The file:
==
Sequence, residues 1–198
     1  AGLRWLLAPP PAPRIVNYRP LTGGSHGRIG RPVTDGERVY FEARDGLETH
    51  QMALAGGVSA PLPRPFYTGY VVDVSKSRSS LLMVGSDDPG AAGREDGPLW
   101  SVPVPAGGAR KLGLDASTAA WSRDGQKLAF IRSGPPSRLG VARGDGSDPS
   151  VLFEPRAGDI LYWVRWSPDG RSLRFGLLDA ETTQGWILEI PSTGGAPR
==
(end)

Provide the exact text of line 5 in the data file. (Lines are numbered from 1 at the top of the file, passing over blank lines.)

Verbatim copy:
   151  VLFEPRAGDI LYWVRWSPDG RSLRFGLLDA ETTQGWILEI PSTGGAPR